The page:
Remember that in certain flight regimes, a control input response may not be immediate (e.g – slow speed, high angle-of-attack or a wake vortex encounter). Don’t confuse a slow response with no response; make an input and give it enough time to take effect. Bottom line: your first priority is to maintain or regain aircraft control.



Once you’re sure the airplane will fly, ensure that the altitude you’re maintaining or drifting down to, ensures terrain separation. Specific procedures are presented in the respective Operating Manuals. The flight plan calculates driftdown information based on the planned ramp weight over the flight planned route. Changes to either may invalidate the driftdown computation, so if weight or routing change, check with Dispatch or compute the driftdown information yourself from FMS, PMS, Performance Manual or the driftdown chart (if applicable).



Once this aircraft is under control and terrain is not a factor, start analyzing what went wrong. Determine how much time you have to troubleshoot and fix the problem or mitigate the impact it has on the flight. Even it time is critical, responses should be appropriate and controlled – rushing to throw switches might make the situation worse (e.g. engine fire and shutting down the wrong engine). Accomplish those things you can based on what you’re wrestling with and the amount of time you have available. Losing an engine is bad; getting behind and making an engine-out go-around is worse.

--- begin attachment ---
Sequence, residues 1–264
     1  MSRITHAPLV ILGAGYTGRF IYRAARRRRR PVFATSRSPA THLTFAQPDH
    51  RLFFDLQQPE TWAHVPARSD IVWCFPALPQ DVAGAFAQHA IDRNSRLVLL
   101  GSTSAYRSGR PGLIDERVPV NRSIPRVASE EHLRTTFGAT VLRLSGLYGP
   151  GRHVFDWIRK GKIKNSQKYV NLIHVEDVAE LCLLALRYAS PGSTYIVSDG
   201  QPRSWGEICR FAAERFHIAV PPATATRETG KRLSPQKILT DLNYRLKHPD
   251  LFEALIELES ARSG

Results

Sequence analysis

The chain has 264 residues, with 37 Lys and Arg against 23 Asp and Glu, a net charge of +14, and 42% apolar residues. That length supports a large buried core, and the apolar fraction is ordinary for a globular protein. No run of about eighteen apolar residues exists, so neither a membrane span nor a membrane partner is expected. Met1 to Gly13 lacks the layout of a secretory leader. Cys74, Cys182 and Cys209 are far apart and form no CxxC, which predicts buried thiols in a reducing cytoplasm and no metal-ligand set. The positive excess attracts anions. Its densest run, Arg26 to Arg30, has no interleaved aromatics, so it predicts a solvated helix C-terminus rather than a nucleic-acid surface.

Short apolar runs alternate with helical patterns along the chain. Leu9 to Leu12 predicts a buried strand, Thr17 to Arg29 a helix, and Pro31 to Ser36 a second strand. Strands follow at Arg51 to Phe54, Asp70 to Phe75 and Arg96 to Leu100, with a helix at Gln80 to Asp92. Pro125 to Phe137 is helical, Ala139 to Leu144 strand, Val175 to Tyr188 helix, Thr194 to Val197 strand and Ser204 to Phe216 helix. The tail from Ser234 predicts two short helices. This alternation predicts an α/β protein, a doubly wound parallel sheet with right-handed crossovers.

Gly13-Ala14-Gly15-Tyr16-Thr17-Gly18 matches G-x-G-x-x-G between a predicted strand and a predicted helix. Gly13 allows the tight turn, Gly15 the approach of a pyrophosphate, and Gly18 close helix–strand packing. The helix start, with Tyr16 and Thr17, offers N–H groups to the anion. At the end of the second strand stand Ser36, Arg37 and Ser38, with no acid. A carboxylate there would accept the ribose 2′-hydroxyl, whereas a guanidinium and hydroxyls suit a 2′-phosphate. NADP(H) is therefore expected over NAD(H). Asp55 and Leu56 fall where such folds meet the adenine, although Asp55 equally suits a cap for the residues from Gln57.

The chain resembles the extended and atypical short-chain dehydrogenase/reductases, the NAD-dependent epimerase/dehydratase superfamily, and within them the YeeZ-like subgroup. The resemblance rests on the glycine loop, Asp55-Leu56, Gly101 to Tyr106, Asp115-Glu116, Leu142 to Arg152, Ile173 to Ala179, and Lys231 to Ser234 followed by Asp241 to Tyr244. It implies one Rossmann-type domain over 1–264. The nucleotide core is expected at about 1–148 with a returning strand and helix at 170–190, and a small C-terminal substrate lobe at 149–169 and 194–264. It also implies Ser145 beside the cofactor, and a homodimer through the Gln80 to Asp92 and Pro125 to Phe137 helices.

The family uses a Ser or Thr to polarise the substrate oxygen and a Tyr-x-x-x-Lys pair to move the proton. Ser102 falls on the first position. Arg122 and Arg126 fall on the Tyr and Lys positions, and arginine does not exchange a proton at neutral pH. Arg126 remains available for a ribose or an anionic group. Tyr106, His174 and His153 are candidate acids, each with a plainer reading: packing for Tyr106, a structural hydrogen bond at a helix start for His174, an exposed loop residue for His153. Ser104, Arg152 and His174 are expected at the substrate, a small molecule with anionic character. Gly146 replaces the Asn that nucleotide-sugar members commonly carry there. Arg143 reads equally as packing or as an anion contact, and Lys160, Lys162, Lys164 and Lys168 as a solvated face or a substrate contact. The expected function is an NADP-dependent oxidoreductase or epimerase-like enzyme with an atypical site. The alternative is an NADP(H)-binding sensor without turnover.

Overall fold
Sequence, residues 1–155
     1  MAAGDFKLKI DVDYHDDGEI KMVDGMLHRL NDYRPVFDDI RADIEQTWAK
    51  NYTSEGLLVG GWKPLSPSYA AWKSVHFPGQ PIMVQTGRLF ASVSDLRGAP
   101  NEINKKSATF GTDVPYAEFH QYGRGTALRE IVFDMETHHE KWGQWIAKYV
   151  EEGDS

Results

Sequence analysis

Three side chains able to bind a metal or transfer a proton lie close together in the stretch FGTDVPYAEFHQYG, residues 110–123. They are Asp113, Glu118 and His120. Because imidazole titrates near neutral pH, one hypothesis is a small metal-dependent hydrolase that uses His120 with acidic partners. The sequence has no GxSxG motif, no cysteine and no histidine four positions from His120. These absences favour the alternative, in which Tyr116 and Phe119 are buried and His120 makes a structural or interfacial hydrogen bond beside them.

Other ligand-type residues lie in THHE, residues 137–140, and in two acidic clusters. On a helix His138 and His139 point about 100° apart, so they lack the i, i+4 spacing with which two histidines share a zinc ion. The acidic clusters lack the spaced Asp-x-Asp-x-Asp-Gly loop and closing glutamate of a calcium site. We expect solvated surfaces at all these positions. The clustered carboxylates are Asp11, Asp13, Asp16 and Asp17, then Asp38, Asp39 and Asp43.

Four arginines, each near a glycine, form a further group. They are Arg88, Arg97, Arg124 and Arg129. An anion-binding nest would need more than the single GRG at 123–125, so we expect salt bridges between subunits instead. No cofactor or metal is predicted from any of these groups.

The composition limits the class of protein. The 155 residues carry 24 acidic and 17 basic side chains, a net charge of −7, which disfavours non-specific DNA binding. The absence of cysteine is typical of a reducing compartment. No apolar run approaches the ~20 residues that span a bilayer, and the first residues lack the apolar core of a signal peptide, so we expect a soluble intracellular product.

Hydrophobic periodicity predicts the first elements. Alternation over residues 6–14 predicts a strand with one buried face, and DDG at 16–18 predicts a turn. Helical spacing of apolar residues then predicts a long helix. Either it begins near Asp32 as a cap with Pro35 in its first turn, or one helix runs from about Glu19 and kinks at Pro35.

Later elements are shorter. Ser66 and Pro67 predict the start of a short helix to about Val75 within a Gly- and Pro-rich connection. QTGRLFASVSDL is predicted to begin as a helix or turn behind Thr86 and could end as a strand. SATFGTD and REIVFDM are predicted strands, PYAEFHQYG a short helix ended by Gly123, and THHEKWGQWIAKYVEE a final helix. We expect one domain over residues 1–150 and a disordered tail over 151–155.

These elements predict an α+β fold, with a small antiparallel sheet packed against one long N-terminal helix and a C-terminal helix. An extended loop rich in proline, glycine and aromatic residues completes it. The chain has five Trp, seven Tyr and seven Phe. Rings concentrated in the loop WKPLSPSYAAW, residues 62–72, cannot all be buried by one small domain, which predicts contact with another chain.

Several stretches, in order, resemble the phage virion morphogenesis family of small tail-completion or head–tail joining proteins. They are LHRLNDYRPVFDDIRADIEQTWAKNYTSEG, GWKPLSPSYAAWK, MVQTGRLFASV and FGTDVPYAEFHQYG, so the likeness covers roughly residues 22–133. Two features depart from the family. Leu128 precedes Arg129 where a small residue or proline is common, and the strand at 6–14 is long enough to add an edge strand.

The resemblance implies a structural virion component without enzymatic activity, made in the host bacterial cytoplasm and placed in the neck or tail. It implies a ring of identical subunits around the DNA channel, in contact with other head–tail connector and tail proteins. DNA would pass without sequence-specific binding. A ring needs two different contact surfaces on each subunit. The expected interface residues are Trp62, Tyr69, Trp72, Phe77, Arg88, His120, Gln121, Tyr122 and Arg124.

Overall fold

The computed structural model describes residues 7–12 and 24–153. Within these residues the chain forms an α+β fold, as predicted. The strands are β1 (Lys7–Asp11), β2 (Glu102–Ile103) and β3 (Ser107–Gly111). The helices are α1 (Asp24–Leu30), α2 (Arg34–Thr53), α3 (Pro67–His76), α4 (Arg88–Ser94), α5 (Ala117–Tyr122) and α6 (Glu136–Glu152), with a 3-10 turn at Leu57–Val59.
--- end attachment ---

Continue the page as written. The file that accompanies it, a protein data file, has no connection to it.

Remember, you are not alone. Time and conditions permitting, Dispatch can muster considerable help in dealing with an emergency. They can tie you in with Technical Services and/or a Technical Pilot from Flight Operations. They can coordinate with ATC, check weather and NOTAMS and even declare an emergency for you, if you give them a chance to help. ATC is also an excellent source of information, especially on location, weather, and facilities for nearby airfields (crash, fire and rescue equipment (CFR); medical assistance; etc.).

If unable to contact Dispatch, figure out what help you have on board. Many of deadheading and non-rev pilots take the time to introduce themselves to the flight crew and offer their assistance should it be required. Flight Attendants can let you know if they have noticed anything unusual in the cabin.